Cafe Reviews

Gator Raid

Alligators don't make good pets.

Amazing, I know, but true. As a child growing up in Tokyo, I happened upon a pet store that was selling, along with fuzzy kittens and velvet-furred puppies, baby alligators. In a truly weak moment, my mother bought me one, packaged in a little plastic carrying case -- a gator-to-go. Big mistake.

Though the reptile was only six inches long, it was a half-foot of seriously bad mood, armored in olive green with nasty sharp baby teeth. Alligators don't cuddle. They don't frolic. They don't do anything, really, except eat, sulk, hiss, bite and, given their druthers, lie like a dead log for days at a time. Finally, we (discreetly) released the cranky critter in a public park pond in the center of the city.

Alligators don't necessarily make good meals, either. Although the proliferation of gator farms over the past decade has made the creature increasingly available as a consumable, it doesn't change the fact that the reptile meat tends to be stringy. The flaky white meat wobbles between tasting like chicken and like weird flounder. Alligators are swamp things, after all, given to dine on anything from other swamp things to discarded Firestones.

Yet, in the past few months alone, two restaurants with alligator featured prominently on their menus have started up in the Valley. One is Cajun Edge, which opened about a month ago in Chandler; the other is Voodoo Daddy's in Tempe. They're reflective of the new Cajun culinary trend looming on the horizon, spurred by the success and national expansion of Acadian places like House of Blues and Redfish (a Cajun chain operated by T.G.I. Friday's that's scheduled to open in Scottsdale in the spring). Every cuisine these days needs a draw to get customers buzzing, and for Cajun dining, gator's got game.

As it turns out, alligator is one of the least interesting items on Voodoo Daddy's menu. Opened last spring, the eatery offers more excitement with its less exotic Louisiana fare like gumbo, red beans and rice and po'boy sandwiches. Just don't come expecting tongue-tingling Cajun heat -- at Voodoo Daddy's, peppery passion is a do-it-yourself proposition. Gusto comes from bottled hot sauces served on the side.

Don't come expecting jaw-dropping Cajun eats, either. Some of the dishes at Voodoo are terrific, but too many fall flat to make the place a top pick.

With the menu's lack of heat, perfectionists might contend that Voodoo Daddy's more aptly could be considered Creole. It's a subtle distinction -- both Creole and Cajun cuisines feature gumbos, étouffées, jambalaya and such. But proud Southern historians will point out that many Creoles were rich planters and their kitchens aspired to grand cuisine. Their recipes came from France or Spain, as did their chefs, with an emphasis on complex spicing rather than scorch. Cajuns, though, were a tough crew, poor and used to living like animals on unwanted swampland. They ate what was available, including squirrels and, yes, alligator. Given their often less-than-desirable grocery options, they laid it on heavily with the cayenne. Today, though, ingredient quality is universal, and does anyone really care about the Creole-versus-Cajun debate anymore?

Perhaps Voodoo chef Armando "Mondo" Pisano simply doesn't want to scare off more timid taste buds. He previously was head chef at Baby Kay's, the restaurant that introduced Cajun cuisine to the Valley more than a year ago. The buzz then was that eating at Baby Kay's required a flak-jacketed tongue -- Pisano surely heard from customers (spineless wimps) who, unfamiliar with the spicy recipes, clamored to tone it down.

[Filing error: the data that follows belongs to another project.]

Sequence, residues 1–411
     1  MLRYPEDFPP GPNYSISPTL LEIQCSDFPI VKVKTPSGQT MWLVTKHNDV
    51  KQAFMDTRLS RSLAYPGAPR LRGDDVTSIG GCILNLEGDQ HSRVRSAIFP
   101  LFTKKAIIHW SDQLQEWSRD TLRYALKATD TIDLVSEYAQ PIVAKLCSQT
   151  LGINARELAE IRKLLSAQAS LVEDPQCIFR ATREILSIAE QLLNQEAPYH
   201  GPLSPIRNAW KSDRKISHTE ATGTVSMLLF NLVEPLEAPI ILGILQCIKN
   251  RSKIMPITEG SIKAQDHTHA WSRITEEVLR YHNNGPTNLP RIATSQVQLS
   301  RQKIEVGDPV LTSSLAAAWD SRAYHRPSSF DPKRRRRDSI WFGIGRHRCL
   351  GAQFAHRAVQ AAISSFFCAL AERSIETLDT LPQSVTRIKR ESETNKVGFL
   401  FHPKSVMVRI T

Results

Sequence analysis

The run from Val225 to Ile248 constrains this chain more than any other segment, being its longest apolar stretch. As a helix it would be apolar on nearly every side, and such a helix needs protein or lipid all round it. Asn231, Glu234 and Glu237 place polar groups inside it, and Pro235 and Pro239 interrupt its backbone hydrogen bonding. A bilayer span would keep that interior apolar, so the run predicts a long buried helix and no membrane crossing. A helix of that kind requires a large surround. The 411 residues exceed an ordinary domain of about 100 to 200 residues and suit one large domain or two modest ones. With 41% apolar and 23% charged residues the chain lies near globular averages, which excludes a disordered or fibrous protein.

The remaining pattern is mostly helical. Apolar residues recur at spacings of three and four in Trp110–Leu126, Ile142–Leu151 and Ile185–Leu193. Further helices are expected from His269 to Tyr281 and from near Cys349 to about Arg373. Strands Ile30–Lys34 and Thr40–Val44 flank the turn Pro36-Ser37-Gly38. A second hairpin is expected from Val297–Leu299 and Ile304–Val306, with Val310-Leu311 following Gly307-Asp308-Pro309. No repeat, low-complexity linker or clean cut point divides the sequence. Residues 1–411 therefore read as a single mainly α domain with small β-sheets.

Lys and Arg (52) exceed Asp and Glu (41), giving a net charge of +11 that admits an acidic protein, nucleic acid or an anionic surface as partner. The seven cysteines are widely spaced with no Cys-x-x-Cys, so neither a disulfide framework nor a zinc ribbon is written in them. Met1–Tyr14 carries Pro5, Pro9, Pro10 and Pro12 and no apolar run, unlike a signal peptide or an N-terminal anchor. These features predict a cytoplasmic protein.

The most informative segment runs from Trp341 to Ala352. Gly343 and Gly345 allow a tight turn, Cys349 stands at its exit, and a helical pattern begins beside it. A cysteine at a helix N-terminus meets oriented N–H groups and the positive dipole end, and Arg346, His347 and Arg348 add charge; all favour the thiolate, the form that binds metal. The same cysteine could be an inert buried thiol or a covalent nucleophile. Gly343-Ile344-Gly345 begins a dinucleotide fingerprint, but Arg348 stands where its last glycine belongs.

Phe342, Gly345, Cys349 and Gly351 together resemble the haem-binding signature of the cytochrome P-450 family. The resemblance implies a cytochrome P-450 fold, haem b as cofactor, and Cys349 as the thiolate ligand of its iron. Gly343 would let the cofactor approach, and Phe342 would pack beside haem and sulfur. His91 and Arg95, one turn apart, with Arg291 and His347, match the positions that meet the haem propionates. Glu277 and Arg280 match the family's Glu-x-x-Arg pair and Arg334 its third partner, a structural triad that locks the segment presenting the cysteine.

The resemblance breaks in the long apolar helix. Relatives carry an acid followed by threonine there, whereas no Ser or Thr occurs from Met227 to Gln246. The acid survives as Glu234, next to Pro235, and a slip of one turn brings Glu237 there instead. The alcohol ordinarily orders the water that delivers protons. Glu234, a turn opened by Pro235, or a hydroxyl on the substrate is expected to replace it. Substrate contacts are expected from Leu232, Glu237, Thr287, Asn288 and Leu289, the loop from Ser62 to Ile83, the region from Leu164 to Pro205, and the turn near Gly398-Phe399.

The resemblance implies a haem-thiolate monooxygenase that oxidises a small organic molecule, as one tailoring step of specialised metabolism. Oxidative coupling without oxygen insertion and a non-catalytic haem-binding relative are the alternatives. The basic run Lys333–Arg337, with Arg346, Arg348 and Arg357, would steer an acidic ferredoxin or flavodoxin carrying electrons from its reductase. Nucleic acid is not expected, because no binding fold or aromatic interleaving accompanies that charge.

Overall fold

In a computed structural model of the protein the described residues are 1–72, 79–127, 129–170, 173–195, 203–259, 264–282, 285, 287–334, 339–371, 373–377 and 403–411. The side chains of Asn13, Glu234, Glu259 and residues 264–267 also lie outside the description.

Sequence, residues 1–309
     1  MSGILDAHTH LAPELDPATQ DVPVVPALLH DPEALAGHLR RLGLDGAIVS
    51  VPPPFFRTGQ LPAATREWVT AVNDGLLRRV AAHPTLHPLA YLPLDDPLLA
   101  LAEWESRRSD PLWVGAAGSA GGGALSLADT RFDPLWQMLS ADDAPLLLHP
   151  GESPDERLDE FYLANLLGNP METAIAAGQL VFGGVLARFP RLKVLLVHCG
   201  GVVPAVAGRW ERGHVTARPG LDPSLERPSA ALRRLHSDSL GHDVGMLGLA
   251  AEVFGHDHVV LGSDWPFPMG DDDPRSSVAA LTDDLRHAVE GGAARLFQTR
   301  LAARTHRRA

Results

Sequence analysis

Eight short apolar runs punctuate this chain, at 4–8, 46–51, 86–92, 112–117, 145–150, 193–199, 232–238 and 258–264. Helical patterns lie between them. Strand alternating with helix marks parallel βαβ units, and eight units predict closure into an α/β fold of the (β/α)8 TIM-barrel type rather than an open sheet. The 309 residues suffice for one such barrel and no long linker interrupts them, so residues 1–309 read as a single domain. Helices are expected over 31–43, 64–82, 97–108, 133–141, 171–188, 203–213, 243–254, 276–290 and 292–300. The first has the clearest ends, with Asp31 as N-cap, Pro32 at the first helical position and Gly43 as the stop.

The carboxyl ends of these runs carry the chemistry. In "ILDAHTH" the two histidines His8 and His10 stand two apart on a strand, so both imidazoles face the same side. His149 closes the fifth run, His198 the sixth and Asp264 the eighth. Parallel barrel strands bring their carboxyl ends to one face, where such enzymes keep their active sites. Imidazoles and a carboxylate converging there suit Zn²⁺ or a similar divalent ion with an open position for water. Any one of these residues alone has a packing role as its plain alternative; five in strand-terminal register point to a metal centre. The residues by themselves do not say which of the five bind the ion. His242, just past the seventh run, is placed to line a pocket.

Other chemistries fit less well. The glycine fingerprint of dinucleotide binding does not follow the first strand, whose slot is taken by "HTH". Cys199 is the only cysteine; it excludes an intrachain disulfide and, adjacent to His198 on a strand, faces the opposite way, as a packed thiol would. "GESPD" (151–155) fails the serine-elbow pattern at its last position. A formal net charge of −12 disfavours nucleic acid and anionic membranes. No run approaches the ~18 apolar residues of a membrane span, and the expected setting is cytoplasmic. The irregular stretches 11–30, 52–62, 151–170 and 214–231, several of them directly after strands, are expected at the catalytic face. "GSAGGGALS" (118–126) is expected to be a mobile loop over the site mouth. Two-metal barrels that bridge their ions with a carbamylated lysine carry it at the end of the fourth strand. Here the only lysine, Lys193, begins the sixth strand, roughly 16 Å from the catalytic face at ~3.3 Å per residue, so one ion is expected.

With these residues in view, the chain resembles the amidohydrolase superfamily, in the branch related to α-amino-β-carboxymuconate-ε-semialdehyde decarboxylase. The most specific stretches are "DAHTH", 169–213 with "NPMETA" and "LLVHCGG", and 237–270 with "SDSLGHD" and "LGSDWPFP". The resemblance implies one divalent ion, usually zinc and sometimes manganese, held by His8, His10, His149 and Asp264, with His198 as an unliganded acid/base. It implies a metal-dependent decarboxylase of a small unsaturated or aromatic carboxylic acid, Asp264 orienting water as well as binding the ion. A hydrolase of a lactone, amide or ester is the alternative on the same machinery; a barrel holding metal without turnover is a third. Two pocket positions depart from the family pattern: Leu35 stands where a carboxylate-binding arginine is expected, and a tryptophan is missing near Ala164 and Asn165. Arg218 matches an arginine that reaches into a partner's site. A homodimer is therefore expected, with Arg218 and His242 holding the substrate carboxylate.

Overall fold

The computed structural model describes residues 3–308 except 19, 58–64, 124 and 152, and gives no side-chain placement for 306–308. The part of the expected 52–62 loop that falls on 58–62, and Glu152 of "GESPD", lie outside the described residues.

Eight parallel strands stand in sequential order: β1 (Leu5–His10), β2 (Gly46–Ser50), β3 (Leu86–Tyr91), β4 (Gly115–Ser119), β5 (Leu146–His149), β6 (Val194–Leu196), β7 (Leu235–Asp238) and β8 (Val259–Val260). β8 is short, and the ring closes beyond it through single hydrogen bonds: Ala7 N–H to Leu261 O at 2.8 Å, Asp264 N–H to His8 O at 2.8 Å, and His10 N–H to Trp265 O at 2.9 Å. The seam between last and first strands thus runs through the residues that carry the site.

No matter -- it's easy enough to raise the heat with Voodoo's more than 45 types of Louisiana hot sauce. A wooden trough is brought to the table on request (Why isn't it already on the table, or at least offered?), loaded with about a dozen of the restaurant's favorite choices. The bravest will go for the exquisite Pain and Suffering brand; the more delicate can sample the Cafe Louisiana brand, spiked with cloves and cinnamon.

Whatever the precise cultural origins of the food, the place sure looks like a backwoods bayou. Colorful murals abound, setting the scene with a Dixieland jazz group, storks strutting through a murky swamp, and my favorite, a full-size alligator creeping along the painted concrete floor. It's Pirates of the Caribbean in Tempe, the walls draped with fishing nets and mossy tree boughs. Each table has its own guardian voodoo doll. There's the requisite zydeco music (me-oh-my-oh ad nauseam), but thankfully, management keeps it at a pleasant background-noise level.

I'm hoping that the current Cajun/Creole trend will bring to the Valley some of its more high-flying dishes -- like trout marguery (in béchamel with fish stock and shrimp), wild dove in Madeira, duck with caramelized peaches or rabbit and oyster mushroom piquante. For the time being, Voodoo's alligator sauce piquante will tide me over. It's a good example of the "why bother" with alligator, disguised as it is in sausage form and partnered with mild andouille sausage. Do we know we're eating alligator? No. Do we feel cool telling our friends what we had for dinner? Sure. The sauce is the star on this plate, anyway. Here's one of the few times diners will want to taste before spicing -- Tabasco plays a key role, simmered with tomatoes, luscious pimento-stuffed green olives, celery, green pepper and onion. It's vinegary sweet, tart, slow-burning and sumptuous, spooned with long grain white rice. Nobody's going to go hungry, either, with sides of maque choux (kernel corn, tomato, onion and green pepper) and dirty rice (simmered with chicken giblets and green pepper).

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Carey Sweet
Contact: Carey Sweet